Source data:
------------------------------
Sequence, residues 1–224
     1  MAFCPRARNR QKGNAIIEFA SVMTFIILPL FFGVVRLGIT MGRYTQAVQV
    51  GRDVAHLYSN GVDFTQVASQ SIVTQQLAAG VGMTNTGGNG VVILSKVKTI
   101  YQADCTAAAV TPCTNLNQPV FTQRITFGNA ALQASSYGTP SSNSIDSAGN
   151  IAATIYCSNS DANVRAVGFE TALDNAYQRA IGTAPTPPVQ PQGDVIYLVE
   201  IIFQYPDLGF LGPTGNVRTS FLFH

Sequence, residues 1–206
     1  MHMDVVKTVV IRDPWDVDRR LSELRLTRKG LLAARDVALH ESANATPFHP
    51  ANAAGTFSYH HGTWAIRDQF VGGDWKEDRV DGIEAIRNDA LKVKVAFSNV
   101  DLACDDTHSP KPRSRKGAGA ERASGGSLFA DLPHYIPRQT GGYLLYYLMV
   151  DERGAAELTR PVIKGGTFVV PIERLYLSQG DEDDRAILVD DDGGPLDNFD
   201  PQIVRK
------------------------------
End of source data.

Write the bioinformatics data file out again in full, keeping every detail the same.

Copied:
Sequence, residues 1–224
     1  MAFCPRARNR QKGNAIIEFA SVMTFIILPL FFGVVRLGIT MGRYTQAVQV
    51  GRDVAHLYSN GVDFTQVASQ SIVTQQLAAG VGMTNTGGNG VVILSKVKTI
   101  YQADCTAAAV TPCTNLNQPV FTQRITFGNA ALQASSYGTP SSNSIDSAGN
   151  IAATIYCSNS DANVRAVGFE TALDNAYQRA IGTAPTPPVQ PQGDVIYLVE
   201  IIFQYPDLGF LGPTGNVRTS FLFH

Sequence, residues 1–206
     1  MHMDVVKTVV IRDPWDVDRR LSELRLTRKG LLAARDVALH ESANATPFHP
    51  ANAAGTFSYH HGTWAIRDQF VGGDWKEDRV DGIEAIRNDA LKVKVAFSNV
   101  DLACDDTHSP KPRSRKGAGA ERASGGSLFA DLPHYIPRQT GGYLLYYLMV
   151  DERGAAELTR PVIKGGTFVV PIERLYLSQG DEDDRAILVD DDGGPLDNFD
   201  PQIVRK